Before I saw Cube for the first time many years ago, I would have never imagined a horror film (let alone a sci-fi horror film) could hinge on math. You have to give credit to writer/director Vicenzo Natali and screenwriters André Bijelic and Graeme Manson for pulling that off. Cube is not a flawless film, but the mathematical conceit is rock solid. Cube is the story of seven total strangers who wake up in bright cube-shaped rooms. There are doors on each of the six surfaces that lead to other cubes. Some of the rooms contain deadly traps. There is no food, water, or instructions. The survivors have to band together to solve the mystery of the Cube before they're killed off or die from lack of resources.
One of the characters in the film has a photographic memory and studies math in university. She is the first one to notice a series of numbers inscribed at the entrance of each room. Her math and memorization skills drive the survival story. She discovers a pattern, tests it, then leads the group of survivors until the pattern needs to be expanded or altered.
Everything surrounding the mathematics in Cube is quite intriguing. These are people from all walks of life who find comfort in what starts out as a very simple pattern. The only constant in their lives once they are trapped is the presence of the numbers.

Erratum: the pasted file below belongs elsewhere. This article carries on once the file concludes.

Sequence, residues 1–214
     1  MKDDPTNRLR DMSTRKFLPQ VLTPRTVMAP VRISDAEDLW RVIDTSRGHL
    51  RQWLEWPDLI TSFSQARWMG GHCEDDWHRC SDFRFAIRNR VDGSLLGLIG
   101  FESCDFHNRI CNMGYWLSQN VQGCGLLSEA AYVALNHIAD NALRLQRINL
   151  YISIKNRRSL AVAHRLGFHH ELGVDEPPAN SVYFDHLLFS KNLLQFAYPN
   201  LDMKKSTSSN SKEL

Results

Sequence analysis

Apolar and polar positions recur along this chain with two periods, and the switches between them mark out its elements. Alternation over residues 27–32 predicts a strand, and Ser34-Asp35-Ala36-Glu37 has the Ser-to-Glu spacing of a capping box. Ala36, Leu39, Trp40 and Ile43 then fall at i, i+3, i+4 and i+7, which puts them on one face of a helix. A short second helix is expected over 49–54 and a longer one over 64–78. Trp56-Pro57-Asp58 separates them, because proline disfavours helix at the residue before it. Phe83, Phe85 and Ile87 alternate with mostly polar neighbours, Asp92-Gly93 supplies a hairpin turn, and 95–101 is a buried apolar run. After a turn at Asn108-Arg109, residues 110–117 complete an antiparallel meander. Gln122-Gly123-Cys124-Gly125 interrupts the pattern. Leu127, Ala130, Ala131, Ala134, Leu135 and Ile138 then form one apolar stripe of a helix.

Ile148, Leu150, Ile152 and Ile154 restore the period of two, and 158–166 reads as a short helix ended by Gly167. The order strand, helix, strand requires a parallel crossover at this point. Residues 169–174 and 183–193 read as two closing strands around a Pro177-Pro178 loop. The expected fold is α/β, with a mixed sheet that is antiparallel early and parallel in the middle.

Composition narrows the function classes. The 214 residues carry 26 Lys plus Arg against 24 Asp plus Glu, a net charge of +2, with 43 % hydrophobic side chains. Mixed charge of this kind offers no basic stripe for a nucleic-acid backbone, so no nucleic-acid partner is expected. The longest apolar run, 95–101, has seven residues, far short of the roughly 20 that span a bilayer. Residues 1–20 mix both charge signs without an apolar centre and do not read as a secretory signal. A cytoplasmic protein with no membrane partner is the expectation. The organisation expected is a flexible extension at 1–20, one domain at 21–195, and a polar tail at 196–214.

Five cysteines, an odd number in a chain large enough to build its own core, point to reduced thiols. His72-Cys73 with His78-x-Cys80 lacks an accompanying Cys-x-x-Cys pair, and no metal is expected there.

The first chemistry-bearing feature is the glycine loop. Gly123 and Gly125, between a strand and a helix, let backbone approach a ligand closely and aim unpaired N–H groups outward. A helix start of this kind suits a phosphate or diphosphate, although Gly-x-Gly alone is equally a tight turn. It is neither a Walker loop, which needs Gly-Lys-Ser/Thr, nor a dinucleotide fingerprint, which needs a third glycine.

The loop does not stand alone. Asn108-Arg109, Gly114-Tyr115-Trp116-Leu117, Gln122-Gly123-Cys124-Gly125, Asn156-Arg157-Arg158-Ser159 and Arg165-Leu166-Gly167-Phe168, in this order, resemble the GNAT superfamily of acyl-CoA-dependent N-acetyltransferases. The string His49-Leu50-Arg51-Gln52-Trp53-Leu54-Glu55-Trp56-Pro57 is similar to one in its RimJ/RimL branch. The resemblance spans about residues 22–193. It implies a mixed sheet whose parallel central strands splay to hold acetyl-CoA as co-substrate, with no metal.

With math as the backbone of the story structure, Cube branches out to deal with great social and political issues. This is where the film falters. Each of the characters represents a different type of personality with a different philosophical viewpoint.
A doctor believes in a grand conspiracy to control everyone through, let's say, the machine. A police officer believes everything he's been trained on the job; everyone has a task to do and someone has to be in charge. An engineer is a total nihilist, believing that there's a good chance that nothing is in control of the universe.
To express these viewpoints, the characters are routinely paired off for private conversations in the Cube. Others try to interfere but they can never stop the full arc of a smaller group discussion. This conceit leads to lengthy monologues of pseudo-scientific rhetoric and satirical rants that are so overwritten the actors can barely get them out of their mouths. The cast does so well at the natural discussions that surround their exact predicament in the Cube but these ridiculous monologues almost destroy the characters before the traps can even threaten them.
Cube is a very ambitious psychological horror/sci-fi film that tries just a bit too hard to be smart. The concept of the film is so strong and would be much stronger if everyone involved just trusted the overriding concept. The effect is still quite chilling, especially in the last act, mainly because it abandons the philosophical debate and just focuses on the story.
You can purchase Cube at iTunes.
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